Woodburn City Council took aim at noisy nuisances when it unanimously passed an improved ordinance.
Even a good ordinance can usually be improved. That was at the crux of a report prepared by Woodburn City Attorney Bob Shields, Police Chief Jim Ferraris and City Administrator Scott Derickson, delivered to the council on Monday, Feb. 25.
The city officials pored over the current noise ordinance, which was established in 2005, with the intention of clarifying and strengthening it.
As a basis for comparison and court-tested viability, they also researched ordinances of other Oregon municipalities: Albany, Beaverton, Eugene, Grants Pass, Gresham, Hillsboro, Keizer, Lake Oswego, McMinnville, Medford, Milwaukie, Portland, Prineville, Salem, Sherwood, Tigard, Tualatin, West Linn, and Wilsonville.
Some portions of the amended ordinance involve private-party certification for noise violation citations and the use of stronger noise detection meters. So in a sense, a victim with a noise meter becomes deputized.
"There is an innovative provision that we put into it that I don't think I saw anywhere else," Shields said in reference to the certification element, which is modeled on Oregon's traffic code.
"With the state traffic code, there is a provision where a citizen can certify that the state traffic code has been violated and bring that into court," Shields continued. "So we wrote an analogous provision…that once the private party certifies the (code breaking) noise complaint, based on that the officer can file a citation."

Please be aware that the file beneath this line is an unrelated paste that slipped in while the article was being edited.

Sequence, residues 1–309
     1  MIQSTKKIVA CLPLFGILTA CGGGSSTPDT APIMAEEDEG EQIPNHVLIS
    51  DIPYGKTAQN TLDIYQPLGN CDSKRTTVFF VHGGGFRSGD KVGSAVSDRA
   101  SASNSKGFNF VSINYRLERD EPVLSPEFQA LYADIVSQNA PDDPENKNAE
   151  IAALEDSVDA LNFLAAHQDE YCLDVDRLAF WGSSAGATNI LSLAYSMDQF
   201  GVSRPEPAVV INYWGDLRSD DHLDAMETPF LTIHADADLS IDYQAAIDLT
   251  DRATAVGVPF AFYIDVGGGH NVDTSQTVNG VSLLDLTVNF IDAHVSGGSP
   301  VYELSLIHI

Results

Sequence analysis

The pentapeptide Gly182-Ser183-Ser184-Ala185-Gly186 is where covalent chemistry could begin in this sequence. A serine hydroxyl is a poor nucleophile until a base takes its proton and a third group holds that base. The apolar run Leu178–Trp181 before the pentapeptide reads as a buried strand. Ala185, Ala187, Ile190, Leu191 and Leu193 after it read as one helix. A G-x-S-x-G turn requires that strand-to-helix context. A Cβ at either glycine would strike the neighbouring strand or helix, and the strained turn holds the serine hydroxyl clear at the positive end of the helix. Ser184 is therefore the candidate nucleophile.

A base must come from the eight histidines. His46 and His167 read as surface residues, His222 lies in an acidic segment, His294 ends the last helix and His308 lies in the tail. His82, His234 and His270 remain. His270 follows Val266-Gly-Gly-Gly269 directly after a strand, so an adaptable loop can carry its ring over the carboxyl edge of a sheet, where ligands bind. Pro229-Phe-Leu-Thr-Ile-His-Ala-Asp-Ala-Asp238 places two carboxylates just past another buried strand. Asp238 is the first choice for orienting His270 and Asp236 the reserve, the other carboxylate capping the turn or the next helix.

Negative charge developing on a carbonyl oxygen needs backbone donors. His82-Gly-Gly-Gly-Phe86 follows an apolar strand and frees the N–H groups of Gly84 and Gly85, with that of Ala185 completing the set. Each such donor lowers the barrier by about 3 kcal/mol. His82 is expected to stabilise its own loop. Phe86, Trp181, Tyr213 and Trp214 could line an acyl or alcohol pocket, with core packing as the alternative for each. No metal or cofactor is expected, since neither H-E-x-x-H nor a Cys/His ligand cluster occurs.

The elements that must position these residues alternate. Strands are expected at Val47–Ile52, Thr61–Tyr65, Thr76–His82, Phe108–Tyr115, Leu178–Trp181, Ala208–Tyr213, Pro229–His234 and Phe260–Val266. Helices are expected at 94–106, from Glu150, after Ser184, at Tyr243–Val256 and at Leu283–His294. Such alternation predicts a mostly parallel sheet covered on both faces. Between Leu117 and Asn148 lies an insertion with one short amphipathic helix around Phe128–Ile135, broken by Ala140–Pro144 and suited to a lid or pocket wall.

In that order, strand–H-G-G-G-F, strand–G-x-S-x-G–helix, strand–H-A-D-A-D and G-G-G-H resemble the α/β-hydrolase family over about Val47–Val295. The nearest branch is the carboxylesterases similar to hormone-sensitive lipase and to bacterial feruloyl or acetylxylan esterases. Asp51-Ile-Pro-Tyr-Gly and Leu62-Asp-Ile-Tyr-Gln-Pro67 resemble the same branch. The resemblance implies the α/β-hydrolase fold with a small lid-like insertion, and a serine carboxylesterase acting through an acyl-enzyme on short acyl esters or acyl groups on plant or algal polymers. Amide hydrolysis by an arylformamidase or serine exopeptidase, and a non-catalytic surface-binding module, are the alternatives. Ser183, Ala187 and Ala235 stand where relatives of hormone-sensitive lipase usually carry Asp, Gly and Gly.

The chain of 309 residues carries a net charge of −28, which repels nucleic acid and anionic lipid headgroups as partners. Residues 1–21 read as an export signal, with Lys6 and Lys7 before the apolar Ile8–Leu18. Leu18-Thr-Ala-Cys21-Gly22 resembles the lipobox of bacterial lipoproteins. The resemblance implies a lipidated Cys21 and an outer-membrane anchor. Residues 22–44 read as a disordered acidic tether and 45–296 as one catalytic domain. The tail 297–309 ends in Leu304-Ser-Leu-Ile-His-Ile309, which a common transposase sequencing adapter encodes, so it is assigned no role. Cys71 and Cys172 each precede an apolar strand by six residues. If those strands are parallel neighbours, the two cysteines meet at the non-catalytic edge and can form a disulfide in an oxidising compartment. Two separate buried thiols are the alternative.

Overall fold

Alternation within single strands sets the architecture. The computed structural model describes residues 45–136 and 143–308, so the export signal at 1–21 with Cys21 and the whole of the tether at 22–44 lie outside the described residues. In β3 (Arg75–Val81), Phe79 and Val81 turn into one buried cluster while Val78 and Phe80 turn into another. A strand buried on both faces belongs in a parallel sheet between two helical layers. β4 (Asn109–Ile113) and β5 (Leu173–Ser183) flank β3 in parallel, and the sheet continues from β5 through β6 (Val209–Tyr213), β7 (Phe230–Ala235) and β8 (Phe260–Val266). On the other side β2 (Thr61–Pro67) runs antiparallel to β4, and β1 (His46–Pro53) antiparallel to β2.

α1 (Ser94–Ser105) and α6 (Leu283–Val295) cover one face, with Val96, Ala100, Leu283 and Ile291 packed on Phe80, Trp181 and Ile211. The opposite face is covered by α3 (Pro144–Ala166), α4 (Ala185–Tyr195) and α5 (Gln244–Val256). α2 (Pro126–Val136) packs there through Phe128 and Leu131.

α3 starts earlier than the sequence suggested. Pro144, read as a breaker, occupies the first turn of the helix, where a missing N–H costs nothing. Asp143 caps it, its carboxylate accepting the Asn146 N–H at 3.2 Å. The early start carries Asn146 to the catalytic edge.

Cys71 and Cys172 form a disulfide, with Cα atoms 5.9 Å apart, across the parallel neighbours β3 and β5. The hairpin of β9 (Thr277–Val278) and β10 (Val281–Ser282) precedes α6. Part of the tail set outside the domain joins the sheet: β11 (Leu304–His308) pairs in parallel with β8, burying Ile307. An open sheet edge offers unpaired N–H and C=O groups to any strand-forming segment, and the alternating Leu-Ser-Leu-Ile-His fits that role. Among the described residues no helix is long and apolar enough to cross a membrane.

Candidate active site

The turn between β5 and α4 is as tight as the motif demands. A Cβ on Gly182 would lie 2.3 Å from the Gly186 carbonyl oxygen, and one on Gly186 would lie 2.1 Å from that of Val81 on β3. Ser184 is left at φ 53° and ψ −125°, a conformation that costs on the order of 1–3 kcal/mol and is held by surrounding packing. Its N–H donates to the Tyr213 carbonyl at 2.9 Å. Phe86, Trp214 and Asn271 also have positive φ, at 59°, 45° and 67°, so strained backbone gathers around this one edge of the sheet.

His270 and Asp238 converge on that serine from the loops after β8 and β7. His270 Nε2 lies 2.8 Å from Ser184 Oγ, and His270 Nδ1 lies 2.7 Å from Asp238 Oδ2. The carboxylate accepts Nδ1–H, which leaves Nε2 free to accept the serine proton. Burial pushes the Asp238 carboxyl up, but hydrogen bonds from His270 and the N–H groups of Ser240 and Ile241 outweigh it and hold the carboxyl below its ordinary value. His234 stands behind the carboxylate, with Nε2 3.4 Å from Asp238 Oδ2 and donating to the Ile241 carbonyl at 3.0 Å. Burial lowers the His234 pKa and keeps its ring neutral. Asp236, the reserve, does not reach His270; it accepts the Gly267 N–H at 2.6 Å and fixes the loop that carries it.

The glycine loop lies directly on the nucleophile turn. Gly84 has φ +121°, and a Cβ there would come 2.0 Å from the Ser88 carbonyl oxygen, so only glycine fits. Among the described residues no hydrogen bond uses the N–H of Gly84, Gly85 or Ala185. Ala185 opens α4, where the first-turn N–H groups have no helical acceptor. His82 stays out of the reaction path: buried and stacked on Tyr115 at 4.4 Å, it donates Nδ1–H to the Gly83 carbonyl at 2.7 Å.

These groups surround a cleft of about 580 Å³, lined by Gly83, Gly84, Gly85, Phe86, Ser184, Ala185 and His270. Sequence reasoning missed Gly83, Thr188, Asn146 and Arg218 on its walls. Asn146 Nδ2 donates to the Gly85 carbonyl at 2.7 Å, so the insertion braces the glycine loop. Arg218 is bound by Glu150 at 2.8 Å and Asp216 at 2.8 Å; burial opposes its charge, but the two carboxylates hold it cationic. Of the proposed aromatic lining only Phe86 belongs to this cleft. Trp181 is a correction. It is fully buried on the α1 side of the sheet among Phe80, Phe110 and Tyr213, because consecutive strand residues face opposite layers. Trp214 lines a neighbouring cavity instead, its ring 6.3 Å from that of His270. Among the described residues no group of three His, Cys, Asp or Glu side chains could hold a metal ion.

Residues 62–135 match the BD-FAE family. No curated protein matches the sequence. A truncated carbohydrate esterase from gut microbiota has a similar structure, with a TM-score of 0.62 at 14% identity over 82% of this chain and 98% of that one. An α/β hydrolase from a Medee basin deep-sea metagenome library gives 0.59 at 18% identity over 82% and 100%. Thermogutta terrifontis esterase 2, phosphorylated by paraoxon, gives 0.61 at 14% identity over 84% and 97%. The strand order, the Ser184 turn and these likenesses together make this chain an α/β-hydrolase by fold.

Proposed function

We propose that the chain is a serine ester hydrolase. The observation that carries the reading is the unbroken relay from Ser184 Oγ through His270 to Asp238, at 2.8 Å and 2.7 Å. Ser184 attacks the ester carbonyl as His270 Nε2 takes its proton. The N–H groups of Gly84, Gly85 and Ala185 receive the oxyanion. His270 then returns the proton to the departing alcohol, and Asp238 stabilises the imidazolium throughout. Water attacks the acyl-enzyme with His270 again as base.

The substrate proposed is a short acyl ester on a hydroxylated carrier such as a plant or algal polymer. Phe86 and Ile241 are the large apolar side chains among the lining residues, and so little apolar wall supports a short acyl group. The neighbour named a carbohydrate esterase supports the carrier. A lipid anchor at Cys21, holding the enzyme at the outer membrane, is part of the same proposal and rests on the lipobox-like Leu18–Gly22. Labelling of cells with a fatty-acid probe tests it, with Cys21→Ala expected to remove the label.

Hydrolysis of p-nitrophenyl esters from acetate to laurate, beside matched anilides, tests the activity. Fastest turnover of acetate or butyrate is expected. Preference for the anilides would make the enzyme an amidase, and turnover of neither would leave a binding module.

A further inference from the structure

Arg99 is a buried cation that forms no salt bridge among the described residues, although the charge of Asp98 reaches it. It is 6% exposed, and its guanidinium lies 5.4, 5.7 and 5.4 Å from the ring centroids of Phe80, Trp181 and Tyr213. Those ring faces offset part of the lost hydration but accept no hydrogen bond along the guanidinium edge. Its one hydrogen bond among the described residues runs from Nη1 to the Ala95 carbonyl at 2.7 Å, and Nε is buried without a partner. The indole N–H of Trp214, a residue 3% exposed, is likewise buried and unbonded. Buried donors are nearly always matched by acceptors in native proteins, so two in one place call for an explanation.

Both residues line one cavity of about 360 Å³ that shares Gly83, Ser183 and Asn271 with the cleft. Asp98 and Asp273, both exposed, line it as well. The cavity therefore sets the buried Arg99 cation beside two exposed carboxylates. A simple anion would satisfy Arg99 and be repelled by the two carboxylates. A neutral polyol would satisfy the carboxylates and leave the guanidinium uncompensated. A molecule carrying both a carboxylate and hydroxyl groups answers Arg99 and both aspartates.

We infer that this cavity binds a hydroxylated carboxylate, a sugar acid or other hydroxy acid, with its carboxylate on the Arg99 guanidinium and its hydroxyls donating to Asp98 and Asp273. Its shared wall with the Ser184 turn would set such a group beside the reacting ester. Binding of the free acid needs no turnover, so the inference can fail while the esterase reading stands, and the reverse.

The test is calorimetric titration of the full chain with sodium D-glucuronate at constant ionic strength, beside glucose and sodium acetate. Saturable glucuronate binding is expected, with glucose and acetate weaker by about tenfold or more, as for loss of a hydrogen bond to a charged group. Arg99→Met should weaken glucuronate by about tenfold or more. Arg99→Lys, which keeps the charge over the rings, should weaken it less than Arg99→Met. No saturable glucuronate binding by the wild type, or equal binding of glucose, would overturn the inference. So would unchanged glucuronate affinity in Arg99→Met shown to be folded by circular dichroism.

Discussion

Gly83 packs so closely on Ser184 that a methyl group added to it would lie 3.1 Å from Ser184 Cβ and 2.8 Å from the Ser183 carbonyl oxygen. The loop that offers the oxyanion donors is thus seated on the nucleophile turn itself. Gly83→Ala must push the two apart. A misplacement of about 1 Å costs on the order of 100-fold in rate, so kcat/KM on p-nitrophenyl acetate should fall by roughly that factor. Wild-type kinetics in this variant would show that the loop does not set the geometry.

The report noted: "The ordinance should allow private parties to initiate noise complaints provided that a Certification is obtained that the private party's complaint is not false and that the private party will be available to testify in court."
"I thought the innovation of allowing the private certification is unique and out of the box," Derickson told the council. "It does address one of the areas which I think the city council saw in some data we provided, in that people call and the police show up and there is no noise occurring.
"This is a way to grapple with that. That's been an issue everywhere I've worked."
"This is good legislation that (if it passes) will give us tools that we don't have today." Ferraris explained. "We've talked about this several times in the past, and the reality is our officers are responding to 911 calls for service emergencies. And they are responding to crimes in progress. They are responding to felonies.
"Quite frankly, even though it impacts peace and harmony in the neighborhood, a noise complaint falls a little bit lower on the priority level than a crime in progress."
Councilor Mary Beth Cornwell underscored that the certification aspect could also serve to ensure that the person issuing the complaint stands behind it, discouraging anonymous calls.
"If the person making the complaint doesn't say, 'I did it,' it doesn't give (that complaint) any credibility," Cornwell said. "As citizens we need to be aware that we have to step up and say 'if this is an issue with me I'm going to stand behind it,' and let the chips fall where they may."
Ferraris said complaints without such backing or anonymous calls constrain the degree to which police can act.
"Yes, we need people to give us the information and their name," Ferraris said. "This is across the board; it doesn't matter if it is a noise complaint or a burglary call, we need people to be the named complainant. Otherwise it really hamstrings us on how far we can go."
The ordinance issues two allowable decibel levels: 60 decibels, from 7 a.m. to 9 p.m.; 50 decibels for 9 p.m. to 7 a.m. Those limits are each 5 decibels lower than what was previously allowed.
Among the sources of noise reviewed were construction activity, power equipment, engine noise, sound producing or reproducing equipment (musical instrument or stereo) and noisy animals.